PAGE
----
These days, there is very little that makes me laugh out loud that isn't about 18" tall and carrying a stuffed octopus, but I just read this Observer interview with Steve Guttenberg and, though I can't quite put my finger on why, I found it guffawish:

The Goot does have his vices.

“I indulge in wine, and I love vodka, I do,” he said. “And I love scotch, you know. And I love weed. And I love women. And I do have, you know, those … Addiction is such an overused word."


Hah!

And how's your career going, Steve?

“I go in spurts,” he said.

Well, Steve, you're 49. You can't expect the same steady stream you had when you were younger.
But how's your career going?

Tuesday, July 15, 2008

laughing at a belief

I'm almost loath to keep throwing words at Covergate, but I think it points to some things that perennially get the Grizzly goat, so, a few thoughts.

I'm very tired of being painted as an elitist or somehow out of touch with America because I have, and expect my fellow Americans to have, a slight tendency towards thoughtfulness. It has been my hope that an Obama presidency might be a harbinger or catalyst towards bringing us out of these anti-intellectual Dark Ages we've plunged ourselves into. Although I guess I shouldn't be surprised that the Obama campaign issued a "oh yeah, we're offended too 'cause we're as dumb as you are we promise" as a response, it does on some level disappoint.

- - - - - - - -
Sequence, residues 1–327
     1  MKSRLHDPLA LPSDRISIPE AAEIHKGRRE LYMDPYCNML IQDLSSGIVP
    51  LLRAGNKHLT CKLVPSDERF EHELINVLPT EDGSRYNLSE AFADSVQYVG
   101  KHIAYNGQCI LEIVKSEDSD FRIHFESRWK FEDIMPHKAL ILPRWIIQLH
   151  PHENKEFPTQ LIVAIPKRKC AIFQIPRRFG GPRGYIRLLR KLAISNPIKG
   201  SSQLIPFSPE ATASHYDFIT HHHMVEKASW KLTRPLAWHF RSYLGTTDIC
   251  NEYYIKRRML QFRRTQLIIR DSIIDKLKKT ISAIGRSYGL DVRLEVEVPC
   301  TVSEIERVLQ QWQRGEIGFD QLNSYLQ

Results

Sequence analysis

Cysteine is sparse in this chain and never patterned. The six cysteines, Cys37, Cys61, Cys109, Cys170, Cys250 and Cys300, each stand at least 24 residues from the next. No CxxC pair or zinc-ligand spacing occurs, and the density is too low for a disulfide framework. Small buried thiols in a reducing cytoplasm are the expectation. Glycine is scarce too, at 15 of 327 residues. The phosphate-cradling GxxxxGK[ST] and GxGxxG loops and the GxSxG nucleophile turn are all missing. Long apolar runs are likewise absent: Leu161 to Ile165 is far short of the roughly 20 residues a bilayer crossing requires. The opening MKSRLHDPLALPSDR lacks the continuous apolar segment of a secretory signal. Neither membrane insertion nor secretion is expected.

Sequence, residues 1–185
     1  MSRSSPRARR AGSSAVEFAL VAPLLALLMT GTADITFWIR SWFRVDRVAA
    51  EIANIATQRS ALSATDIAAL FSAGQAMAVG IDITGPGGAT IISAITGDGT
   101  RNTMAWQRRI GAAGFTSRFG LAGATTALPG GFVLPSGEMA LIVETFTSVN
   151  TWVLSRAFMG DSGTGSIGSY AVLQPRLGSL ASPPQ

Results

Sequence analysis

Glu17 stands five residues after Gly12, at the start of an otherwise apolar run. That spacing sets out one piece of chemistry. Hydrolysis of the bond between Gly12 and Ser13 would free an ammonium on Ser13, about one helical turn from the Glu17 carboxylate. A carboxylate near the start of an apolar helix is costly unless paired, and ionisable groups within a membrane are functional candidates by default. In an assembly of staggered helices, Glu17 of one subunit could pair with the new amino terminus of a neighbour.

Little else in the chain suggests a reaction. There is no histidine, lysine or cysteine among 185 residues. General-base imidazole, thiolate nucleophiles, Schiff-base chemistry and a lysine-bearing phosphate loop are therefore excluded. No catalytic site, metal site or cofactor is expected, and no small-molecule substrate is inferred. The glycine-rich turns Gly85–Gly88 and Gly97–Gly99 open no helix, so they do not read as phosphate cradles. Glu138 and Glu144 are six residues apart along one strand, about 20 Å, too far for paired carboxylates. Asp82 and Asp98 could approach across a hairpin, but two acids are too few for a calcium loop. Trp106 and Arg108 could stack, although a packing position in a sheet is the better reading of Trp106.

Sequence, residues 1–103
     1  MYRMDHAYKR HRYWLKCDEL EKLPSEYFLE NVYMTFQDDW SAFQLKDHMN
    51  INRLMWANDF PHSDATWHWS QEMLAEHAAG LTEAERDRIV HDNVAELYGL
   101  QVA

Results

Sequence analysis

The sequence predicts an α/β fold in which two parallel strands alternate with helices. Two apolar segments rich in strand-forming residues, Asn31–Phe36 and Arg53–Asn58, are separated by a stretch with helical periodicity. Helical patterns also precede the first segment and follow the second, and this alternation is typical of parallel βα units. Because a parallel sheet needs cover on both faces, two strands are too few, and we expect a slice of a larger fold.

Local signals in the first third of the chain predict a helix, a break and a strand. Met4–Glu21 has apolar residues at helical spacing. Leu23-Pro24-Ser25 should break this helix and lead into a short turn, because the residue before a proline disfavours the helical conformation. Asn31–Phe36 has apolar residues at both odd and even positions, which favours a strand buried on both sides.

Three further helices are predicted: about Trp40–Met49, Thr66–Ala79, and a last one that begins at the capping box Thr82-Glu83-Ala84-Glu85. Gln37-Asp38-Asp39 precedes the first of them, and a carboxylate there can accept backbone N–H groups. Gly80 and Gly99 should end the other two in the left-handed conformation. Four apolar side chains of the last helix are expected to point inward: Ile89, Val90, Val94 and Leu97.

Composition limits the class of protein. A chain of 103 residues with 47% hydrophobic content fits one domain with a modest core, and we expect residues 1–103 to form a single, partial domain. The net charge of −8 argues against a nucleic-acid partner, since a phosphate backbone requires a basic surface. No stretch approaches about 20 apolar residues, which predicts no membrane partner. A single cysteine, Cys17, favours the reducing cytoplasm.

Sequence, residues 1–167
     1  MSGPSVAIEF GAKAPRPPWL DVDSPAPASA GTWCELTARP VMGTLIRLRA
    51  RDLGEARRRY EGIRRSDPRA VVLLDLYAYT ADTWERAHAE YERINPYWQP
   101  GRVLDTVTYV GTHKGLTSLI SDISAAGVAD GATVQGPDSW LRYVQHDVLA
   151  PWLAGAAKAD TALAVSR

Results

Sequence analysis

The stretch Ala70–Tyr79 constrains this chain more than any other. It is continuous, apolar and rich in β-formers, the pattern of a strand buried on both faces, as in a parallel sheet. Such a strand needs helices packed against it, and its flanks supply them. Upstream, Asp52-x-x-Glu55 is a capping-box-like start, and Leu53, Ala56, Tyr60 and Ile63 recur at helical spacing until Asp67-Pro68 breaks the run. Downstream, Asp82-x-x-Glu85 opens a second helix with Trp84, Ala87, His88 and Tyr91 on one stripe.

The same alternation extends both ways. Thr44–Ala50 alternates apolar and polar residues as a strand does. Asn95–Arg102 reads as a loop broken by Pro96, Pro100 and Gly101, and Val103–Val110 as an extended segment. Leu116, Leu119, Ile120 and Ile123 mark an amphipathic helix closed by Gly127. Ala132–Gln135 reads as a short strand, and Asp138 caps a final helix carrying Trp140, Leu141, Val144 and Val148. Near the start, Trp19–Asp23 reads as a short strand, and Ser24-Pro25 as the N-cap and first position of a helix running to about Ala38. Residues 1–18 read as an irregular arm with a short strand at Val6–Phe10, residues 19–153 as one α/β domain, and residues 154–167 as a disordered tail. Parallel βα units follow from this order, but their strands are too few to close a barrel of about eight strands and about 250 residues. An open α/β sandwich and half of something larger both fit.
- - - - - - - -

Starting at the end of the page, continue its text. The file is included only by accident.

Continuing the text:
Is it really naive to think there's a level of stupidity that doesn't deserve to be legitimized?

As usual, someone has expressed my view of Coverfuffle more astutely than I am able, and even though it's in Newsweek I think it's pretty good.

A few snippets that I found particularly noteworthy:

This line of reasoning--i.e., don't satirize something stupid because the people who believe it might be stupid enough to take you seriously--strikes me as painfully paternalistic.

Does it help Obama to have Blitt's sketch broadcast on television? Maybe not--which why his press shop lashed out...